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University Of Idaho Murder Suspect Told Police It Was 'Really Sad What Happened' To The Victims: Report
“At one point, he was saying something to himself like ‘I’m fine, this is okay.’ Like he was reassuring himself that this whole thing wasn’t awful," a police source told People Magazine of comments Bryan Kohberger allegedly made during his extradition back to Idaho last week.
While being extradited back to Idaho, murder suspect Bryan Kohberger allegedly referenced the brutal killings of four University of Idaho college students, saying it was “really sad what happened to them.”
The 28-year-old PhD student has been accused of breaking into an off-campus home in Moscow, Idaho in the early morning hours of Nov. 13 and fatally stabbing four of the occupants inside.
Although he’s remained relatively quiet since his arrest on Dec. 30 at his parents’ Pennsylvania home, Kohberger seemingly referenced the grisly crime while being transported back to Idaho last week, according to a report.
“He did say, ‘It’s really sad what happened to them,’ but he didn’t say anything more,” a police source involved in the transport told People. “He’s smarter than that.”
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According to the source, Kohberger seemed “really nervous” during the extradition process.
“He was narrating to himself everything that was happening,” the source said. “At one point, he was saying something to himself like, ‘I’m fine, this is okay.’ Like he was reassuring himself that this whole thing wasn’t awful.”
Kohberger is currently being held without bond at the Latah County Jail and is expected to appear in court Thursday for a preliminary status hearing, according to court documents obtained by Oxygen.com.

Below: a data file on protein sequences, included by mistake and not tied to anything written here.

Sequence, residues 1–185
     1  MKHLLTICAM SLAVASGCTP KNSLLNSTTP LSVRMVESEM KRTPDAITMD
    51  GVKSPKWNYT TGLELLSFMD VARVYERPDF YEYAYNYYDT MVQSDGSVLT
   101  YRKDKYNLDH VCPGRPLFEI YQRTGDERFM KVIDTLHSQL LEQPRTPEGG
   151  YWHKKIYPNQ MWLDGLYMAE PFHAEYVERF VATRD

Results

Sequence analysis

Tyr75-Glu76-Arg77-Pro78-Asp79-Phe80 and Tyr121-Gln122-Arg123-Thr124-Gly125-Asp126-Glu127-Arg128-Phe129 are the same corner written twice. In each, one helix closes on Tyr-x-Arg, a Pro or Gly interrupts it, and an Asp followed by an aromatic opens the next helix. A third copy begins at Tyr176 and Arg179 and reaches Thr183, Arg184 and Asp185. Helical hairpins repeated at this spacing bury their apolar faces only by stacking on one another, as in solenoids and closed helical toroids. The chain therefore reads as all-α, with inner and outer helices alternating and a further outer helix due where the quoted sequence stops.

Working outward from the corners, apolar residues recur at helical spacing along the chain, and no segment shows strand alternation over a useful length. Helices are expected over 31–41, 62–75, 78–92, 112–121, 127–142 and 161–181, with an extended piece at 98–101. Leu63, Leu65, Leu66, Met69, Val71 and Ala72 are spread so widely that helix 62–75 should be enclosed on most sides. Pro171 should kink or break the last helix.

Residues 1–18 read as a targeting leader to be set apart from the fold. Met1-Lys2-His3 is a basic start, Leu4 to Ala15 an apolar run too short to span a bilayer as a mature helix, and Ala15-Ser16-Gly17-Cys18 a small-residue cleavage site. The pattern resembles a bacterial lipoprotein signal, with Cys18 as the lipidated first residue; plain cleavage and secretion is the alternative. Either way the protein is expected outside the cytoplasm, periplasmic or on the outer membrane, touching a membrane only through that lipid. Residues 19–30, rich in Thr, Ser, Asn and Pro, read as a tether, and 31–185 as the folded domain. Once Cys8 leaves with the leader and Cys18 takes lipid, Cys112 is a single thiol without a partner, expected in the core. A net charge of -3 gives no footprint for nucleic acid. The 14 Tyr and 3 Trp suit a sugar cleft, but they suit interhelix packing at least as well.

After he was initially taken into custody late last month, attorney Jason LaBar — who represented Kohberger during the extradition process — told Law & Crime that Kohberger initially agreed to waive his Miranda rights and speak with law enforcement officers at the Pennsylvania State Police barracks before later invoking his right to an attorney.
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According to LaBar, police had asked Kohberger at the time whether he understood what was happening and he replied, “Yes, certainly I’m aware of what’s going on. I’m 10 miles away from this.”
Police have alleged that Kohberger, a PhD student in criminal justice at the nearby Washington State University, snuck into the off-campus residence at 1122 King Road around 4 a.m. on the morning of Nov. 13 and killed college students Kaylee Goncalves, 21; Madison Mogen, 21; Ethan Chapin, 20; and Xana Kernodle, 20, according to an affidavit obtained by Oxygen.com.
All four had been stabbed to death multiple times, police said.
Kohberger was linked to the crime after investigators discovered DNA on a leather knife sheath left behind on Mogen’s bed, according to the affidavit. Authorities also uncovered surveillance footage showing a white Hyundai Elantra, matching the description of Kohberger’s vehicle, circling the neighborhood that morning and attempting to park in front of the property before its seen fleeing the area “at a high rate of speed” around 4:20 a.m., authorities said.
Police have yet to release a motive in the killings, but authorities have said there is evidence to suggest he may have been stalking some of the victims. Phone records showed he had been near the King Road home on “at least twelve” occasions before the murders, the affidavit alleges.
Shanon Gray, an attorney for Goncalves' family, told Insider that the victims did not appear to know Kohberger before their deaths.
“No one knew of this guy at all,” the lawyer said.
Goncalves' sister Alivea Goncalves also told NewsNation the family and her sister had "no idea" anyone may have been casing the home.
"I had no idea that true evil was genuinely watching," she said.
Kohberger is facing four counts of first-degree murder and one count of burglary. He’s yet to enter a plea to the criminal charges against him.
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